So we’re all agreed that football IS coming home.
And when it does there’s a sense that the players bringing the World Cup back to England would deserve everything they get.
A team whose names were unfamiliar to casual fans seem to have grown on the country. Here’s just 11 reasons why they’re the most likeable bunch of lads in generations.
Just two years ago, centre-back Harry Maguire was among thousands of England fans at Euro 2016 in France.
Maguire joined his friends in Saint Etienne for England’s game against Slovakia and posted this picture when he was picked by Southgate.
After being substituted, one of the stars of the Panama game underlines the pure joy of playing football that seems to run through the team.
Commentators heaped praise on manger Gareth Southgate
for suggesting the team are about more than just football.
Asked about whether supporters were now “connecting” with the team in a way they had not done since Euro 96, the manager said: “That is one of the most important things for me, if we’re managing to do that.”
He added: "We have a chance to affect something bigger than ourselves.
"We’re a team with our diversity and youth that represents modern England and in England we’ve spent a bit of time being lost as to what our modern identity is and I think as a team we represent that modern identity and hopefully people can connect with us.”
Veteran winger-turned-defender Ashley Young was in the international wilderness, but has now played in the World Cup for the first time - and in his 30s. "Dreams do come true."
When Marcus Rashford found out he had been selected for the squad, the Manchester United striker shared an emotional Instagram picture thanking his mum, Melanie.
He wrote: “After years of you standing on the touch line in the cold and rain, Mum we’re off to the World Cup.”
Raheem Sterling has been portrayed in some corners of the media as a pantomime villain.
But this widely-shared 'It Was All A Dream' piece spoke of an incredible journey that included his father being murdered when he was an infant, leaving Jamaica as a five-year-old and helping his mother clean hotel toilets.
"I’ll never forget waking up at five in the morning before school and helping her clean the toilets at the hotel in Stonebridge," he wrote.
"I’d be arguing with my sister, like, ‘No! No! You got the toilets this time. I got the bed sheets’."
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Rebekah Vardy, wife of England's Jamie Vardy, has distanced herself from the 'WAG' term that arguably defined the 2006 World Cup for England more than the football.
“WAG is a dated term because we're not defined by what our husbands do. We're individuals,” she said.
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The England manager has been hailed for his progressive attitudes, openness with the media (ie public) and THAT waistcoat.
Nothing but respect for a man who wears a three-piece suit in 30C temperatures.
Ulrik Pedersen via Getty Images
The Tottenham full-back won praise for speaking freely about his depression which he believes was triggered by the treatment of a knee injury coupled with family tragedy.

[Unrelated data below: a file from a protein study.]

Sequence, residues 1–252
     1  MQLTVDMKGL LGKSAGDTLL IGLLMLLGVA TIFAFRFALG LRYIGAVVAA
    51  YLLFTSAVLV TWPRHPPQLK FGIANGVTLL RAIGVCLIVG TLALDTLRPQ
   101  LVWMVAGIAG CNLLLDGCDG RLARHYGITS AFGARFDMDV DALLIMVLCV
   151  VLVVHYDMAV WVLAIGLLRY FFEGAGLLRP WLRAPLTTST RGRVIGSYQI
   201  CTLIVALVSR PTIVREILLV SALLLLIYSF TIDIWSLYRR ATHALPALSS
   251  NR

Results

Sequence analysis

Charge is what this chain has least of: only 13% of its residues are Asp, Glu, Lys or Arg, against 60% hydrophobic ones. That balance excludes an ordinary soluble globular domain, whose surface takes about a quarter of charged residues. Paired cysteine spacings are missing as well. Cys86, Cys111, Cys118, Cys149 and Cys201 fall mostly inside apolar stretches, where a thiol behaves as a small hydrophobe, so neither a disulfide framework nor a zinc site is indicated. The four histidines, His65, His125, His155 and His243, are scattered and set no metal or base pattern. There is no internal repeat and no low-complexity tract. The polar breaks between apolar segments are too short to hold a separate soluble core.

The 27-year-old’s mental health deteriorated as he contended with the triple trauma of his uncle killing himself, his mum Angela being racially abused and an assailant shooting at his brother inside the family home.
Rose spoke largely unprompted about his illness at a press conference: “Nobody knows this either, but my uncle (his father’s brother) killed himself in the middle of my rehab, and that triggered the depression as well.
“Off the field there have been other incidents: back home in August my mum was racially abused in Doncaster. She was very angry and upset about it, and then someone came to the house and nearly shot my brother in the face – a gun was fired at my house.
“England has been my salvation and I can’t thank the manager and the medical staff enough."
Harry Kane is arguably the team's only bona fide superstar, but it's his everyman appeal that makes him a different type of A-lister.
No 16-year-old prodigy, Kane initially struggled to make the Spurs team permanently and was then branded a 'one-season wonder' after his breakthrough year.
His personal life also speaks of his normality. He is married to Kate Goodland, his friend since childhood. They only started dating when Kane was 18 – seven years after this photo was taken with David Beckham.
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Eric Dier shows that footballers aren't what you think. When asked by the Times if all footballers do is talk about cars and clothes: “No! Never!
"Sometimes it’s music but it’s never about cars or clothes. We talk about day-to-day topics, about Brexit, and when that boy came out with the jumper (the controversial H&M monkey hoodie).
“We talk a lot about technology, natural resources, and electric cars."
He added : “We spoke a lot about independence in Barcelona. We were in Barcelona just after it all happened. We went to Madrid and they had Spanish flags in the windows everywhere and then we went to Barcelona and saw all the Catalonia flags in the windows everywhere.
"Footballers have so much to talk about, so much to say.”